Dawson City, Yukon, is like an itch under your skin. No matter how much you scratch, it’s always there. That’s how Dawson City is for me. I love this whacky, unpaved, raw hole in the wilderness, where the people are real and the frontier mentality is alive and well. When I’m gone for any appreciable time, I think of it and its zany character.
Dawson City was built nearly overnight, at the height of the Klondike Gold Rush. During its heyday in 1898, Dawson had more than 40,000 people, every one them somehow involved in the madness of the gold rush. Today the town has perhaps 1,200 residents, although that number climbs somewhat in summer.
Today, Dawson is the epicenter of wilderness travel, the launch point for canoeing, kayaking, hiking and touring adventures. It is the provisioning place for those traveling to the western Arctic Circle and beyond. I’m here today for two reasons. First is to cover the Yukon Quest dogsled race, an epic 1,000 mile battle between man and dog and nature. Dawson City is a major stop in that race, a mandatory 36-hour layover for mushers and their dogs. Once all the mushers leave Dawson for their final dash to Fairbanks, Alaska, I’m off with fellow photographer Richard Hartmier to the Arctic Circle, where we hope to rendezvous with the Porcupine Caribou herd for a photo shoot.
Back to Dawson. Surrounding the city are the scarred remains of the gold rush, when massive mining machines entered the fray and tore through the earth, heaving tons of soil and rock aside in man’s unquenchable thirst for the gold metal. But the tiny town of Dawson itself is a jewel. First, there are fantastic places to eat, from simple breakfasts to fine dinners (specifics in a later blog). The streets are laid out in a neat grid, with museums and historic building left or restored to their former glory. There is even a wonderful Opera House that serves to this day as an entertainment venue.
Dawson was also the first town in Canada to have a gambling hall, and Diamond Tooth Gertie’s Gambling Hall is still operating. Aside from the gambling there is a marvelously entertaining, turn-of-the-century vaudeville show.
Of course, Dawson is a true frontier town and, as such, has its quirky side, most notably the Sourtoe Cocktail. Served at the historic Downtown Hotel, the drink requires one to… well… okay, there’s no way to sugar-coat this; it requires one to drink a shot of whiskey (or scotch or whatever your poison happens to be) in which a human toe is suspended. The rule is the toe must at least touch your lips, amidst much cheering and profane comments from your fellow inebriated friends. Now, to be sure the toe is biologically clean, stewing as it has been for many, many years in alcohol. But its shriveled, blackened appearance will test the mettle of the stoutest, grizzled Yukoner (let alone photographer originally from Brooklyn, NY). Proudly, I do sport certificate number 31179 (September 20th, 2008), for those you wanting to look up my membership in the rather exclusive Sourtoe Cocktail Club.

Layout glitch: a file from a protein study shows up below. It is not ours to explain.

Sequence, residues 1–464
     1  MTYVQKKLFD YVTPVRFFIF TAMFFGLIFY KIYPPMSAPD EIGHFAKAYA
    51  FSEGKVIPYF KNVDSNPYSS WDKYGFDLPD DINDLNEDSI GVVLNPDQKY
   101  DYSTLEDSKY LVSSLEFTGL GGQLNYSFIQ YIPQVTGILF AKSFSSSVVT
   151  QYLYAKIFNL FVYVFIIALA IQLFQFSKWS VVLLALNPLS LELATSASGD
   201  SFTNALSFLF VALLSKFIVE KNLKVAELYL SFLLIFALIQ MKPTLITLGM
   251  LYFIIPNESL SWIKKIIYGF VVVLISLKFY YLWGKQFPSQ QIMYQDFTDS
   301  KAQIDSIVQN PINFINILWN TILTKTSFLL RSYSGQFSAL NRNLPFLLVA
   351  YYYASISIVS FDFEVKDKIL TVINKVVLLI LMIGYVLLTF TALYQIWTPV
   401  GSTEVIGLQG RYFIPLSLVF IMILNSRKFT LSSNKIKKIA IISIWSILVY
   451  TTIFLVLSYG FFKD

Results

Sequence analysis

Robert Service, the great Canadian poet whose Cremation of Sam McGee is a staple in schools throughout North America, lived here in Dawson and his cabin is still preserved, along with Jack London’s cabin, all worthy of tours. You’ll see odes to these great literary figures throughout town.
Dawson City Details
Places of InterestDawson City Museum (595 Fifth Avenue: www.dawsonmuseum.ca) is a wonderful educational venue for the family. As soon as you enter the museum you are presented with interactive displays explaining the geology of the region. Displays also cover the indigenous aboriginal cultures, as well as exploration by whites, the Klondike Gold Rush and development of Dawson City. There is also a nice gift shop with items on natural history, aboriginal culture, photography books, jewelry and more.
Danoja Zho (Long Ago House) Cultural Centre: (http://trondekheritage.com/danoja-zho/) is a small, but critically important museum to understanding the First Nations culture in the region. The Tr’ondëk Hwëch’in culture was dominant in the area until the arrival of white culture and the Centre has displays that show how the native culture interacted with its environment. The Centre also has a wonderful gift shop, offering hand-crafted aboriginal items, clothing, jewelry, music and more.